By Jason Haberstoh
Soft plastic swimbaits have swelled in popularity over the past couple of decades. The pliable lures own realistic colors, movements and feel that appeal to fishes’ senses and fix their brains in a sort of hypnotic way.
With innumerable sizes, shapes and rigging options, swimbaits catch fish very well, which is the obvious reason for their increase in application wherever fish swim, including Pennsylvania waters.
Swimbaits are certainly a necessity in my tackle arsenal. I have a strange sense of obligation to use them every outing, I guess for the above-mentioned reasons. Their swimming action mesmerizes me as much as the fish I’m trying to catch. Just about every day on the water has me tossing one.
One of those days was a picturesque autumn day in the gorge of Pine Creek over a decade ago. Besides seeking my fill of the ambient beauty, I wanted my fill of battling smallmouth bass.
Swimbaits are a usual choice for smallies. However, the first fish to grab my little thumper in a deep run was a gorgeously colored, 16-inch rainbow, followed in five minutes by another trout of similar dimensions. As the day progressed, somehow trout became more interesting to me than smallmouths.
In seasons to follow, I found that swimbaits are solid trout catchers, especially hefty trout. The largest trout on my bragging resume came buttoned on a small swimbait from Loyalhanna Creek’s delayed harvest section.
Of all the fish swimbaits catch, I did not expect such productivity for trout given to persnickety moods. However, all fish are picky in some seasons and times. And, like other fish, at times, trout can be aggressive.
When minnows and other baitfish are plentiful and relatively easy to seize, trout vigorously eat them. Swimbaits then stand out as an excellent way to match the hatch.
To be specific, the swimbaits to which I am referring are generic, 2- and 3-inch paddle-tail versions. I typically use the 2-incher, unless fishing a section of stream that has a strong share of large fish, such as delayed harvest or trophy segments.
The rigging consists of simply threading the plastic onto an ⅛- to ¼-ounce jighead, depending on current and depth. Specific swimbait heads work well, except when an elevated current requires a bit different head.
Then, I utilize a type of tube jighead, cylindrical, with a 90-degree eyelet, which seems to balance the bait better in current, providing a true swimming action.
No swimming action occurs, though, if the bait is balled up. Soft plastics, including swimbaits, have the bad habit of frequently sliding down the hook. Terminal mending becomes an interminable chore.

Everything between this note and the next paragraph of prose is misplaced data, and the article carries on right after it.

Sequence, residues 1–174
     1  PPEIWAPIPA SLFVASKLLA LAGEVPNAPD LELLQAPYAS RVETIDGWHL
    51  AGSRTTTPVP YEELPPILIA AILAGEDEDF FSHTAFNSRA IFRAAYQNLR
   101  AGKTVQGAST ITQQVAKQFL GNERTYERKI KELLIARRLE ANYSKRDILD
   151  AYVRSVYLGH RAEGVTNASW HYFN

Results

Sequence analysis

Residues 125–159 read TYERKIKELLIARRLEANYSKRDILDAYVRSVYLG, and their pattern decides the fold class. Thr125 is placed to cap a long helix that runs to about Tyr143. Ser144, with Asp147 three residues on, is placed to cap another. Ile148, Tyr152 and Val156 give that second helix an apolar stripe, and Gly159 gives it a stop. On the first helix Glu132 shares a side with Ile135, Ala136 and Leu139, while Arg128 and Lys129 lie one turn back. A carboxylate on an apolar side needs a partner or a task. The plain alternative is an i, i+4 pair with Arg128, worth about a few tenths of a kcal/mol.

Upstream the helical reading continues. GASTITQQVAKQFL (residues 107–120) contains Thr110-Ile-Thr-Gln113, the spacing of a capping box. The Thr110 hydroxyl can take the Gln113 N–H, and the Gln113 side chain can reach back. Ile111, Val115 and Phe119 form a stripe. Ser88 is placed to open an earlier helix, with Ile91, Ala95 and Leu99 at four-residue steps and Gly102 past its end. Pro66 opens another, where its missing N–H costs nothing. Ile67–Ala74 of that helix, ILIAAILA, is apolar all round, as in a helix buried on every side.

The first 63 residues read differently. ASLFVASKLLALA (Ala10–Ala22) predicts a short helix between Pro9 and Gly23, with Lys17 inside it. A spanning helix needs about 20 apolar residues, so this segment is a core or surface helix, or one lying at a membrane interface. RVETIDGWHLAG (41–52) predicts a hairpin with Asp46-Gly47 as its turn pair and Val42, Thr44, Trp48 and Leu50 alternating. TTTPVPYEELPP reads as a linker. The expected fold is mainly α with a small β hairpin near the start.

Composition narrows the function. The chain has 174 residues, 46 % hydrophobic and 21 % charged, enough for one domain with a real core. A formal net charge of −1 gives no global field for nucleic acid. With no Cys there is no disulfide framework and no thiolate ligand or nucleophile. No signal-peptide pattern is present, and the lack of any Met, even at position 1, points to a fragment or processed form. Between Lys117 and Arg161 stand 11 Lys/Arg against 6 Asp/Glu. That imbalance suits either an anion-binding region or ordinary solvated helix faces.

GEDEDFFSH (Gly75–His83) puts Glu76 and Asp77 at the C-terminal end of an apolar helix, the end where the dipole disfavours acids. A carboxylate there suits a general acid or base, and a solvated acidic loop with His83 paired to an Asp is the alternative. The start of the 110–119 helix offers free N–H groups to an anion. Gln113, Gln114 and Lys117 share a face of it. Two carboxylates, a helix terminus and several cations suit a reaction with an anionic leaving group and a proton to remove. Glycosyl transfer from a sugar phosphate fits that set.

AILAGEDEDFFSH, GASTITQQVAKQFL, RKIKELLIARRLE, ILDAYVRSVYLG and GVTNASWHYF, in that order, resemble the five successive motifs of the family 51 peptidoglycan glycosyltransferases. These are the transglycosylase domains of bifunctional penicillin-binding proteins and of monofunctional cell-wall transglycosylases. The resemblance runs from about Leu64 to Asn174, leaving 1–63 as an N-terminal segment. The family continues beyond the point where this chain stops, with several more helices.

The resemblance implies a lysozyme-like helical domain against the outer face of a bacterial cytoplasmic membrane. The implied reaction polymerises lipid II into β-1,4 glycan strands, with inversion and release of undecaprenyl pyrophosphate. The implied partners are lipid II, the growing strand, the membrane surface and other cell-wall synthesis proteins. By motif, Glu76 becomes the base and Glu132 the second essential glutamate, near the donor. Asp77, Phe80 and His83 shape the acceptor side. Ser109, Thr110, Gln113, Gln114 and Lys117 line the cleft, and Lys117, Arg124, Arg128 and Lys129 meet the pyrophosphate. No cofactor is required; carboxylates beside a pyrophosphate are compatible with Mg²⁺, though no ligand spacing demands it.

One way to combat this problem is by choosing jigheads with double baitholder barbs, usually one on the front side, another on the back. This jighead feature assists in keeping a swimbait firmly in place, even after a few fish are caught.
It may seem obtrusive to plop down a ¼-ounce hunk of lead with accompanying plastic into a pool or run holding skittish trout. But, as anglers who use swimbaits know, the lure’s tendency is to swim high during the retrieve.
To keep them down, especially when cutting through any kind of moderate to swift current, that sort of weight is necessary. Besides, trout feeding on minnows are not tranquilly watching and waiting for a minuscule blue-wing olive to drift by.
In other words, a little splash and commotion is expected. Not that a trout will never spook from a clumsy cast, but that one might not hit a swimbait anyway. This presentation jibes with trout in a feisty mood.
There is a kind of beauty in catching trout in such an excited state. However, as I grow older, during October I care a bit less about the trout tally and much more about the surrounding brilliance.
That said, as all of those brightly colored beauties waft through the sky seeking to touch down and swirl through a creek in order to foil anglers’ plans, I sometimes really have to persuade myself of their splendor.
A single-hooked swimbait navigates fairly well through fallen, drifting leaves and can make seemingly unfishable zones at least possibilities.
Speaking of possibilities, one benefit of using a swimbait is its endless retrieval options.
A conventional, steady swimming retrieve works well in shallow runs and can produce in any trouty section, but the bait will remain rather shallow, which is fine even in deeper water if trout are feeding high.
Trout do seem to like that steady swimming/thumping action, as that of classic spinners and spoons. At times, some erratic stutters and jerks during the retrieve increases appeal.
In deep runs and pools, the slow-roll and swim-stop-swim approaches normally provide better styles. Both methods allow a swimbait to remain much deeper through the retrieve.
At a slow speed, supple swimbaits still vibrate and thump, albeit weaker, to remain natural looking. Trout may simply favor that lazy action at certain times. The representation of an easily caught meal is an instinctual trigger for opportunistic fish.
Swimbaits may not make the short list of trout anglers’ favorite lures, but autumn is an excellent time to try them for big, hungry trout.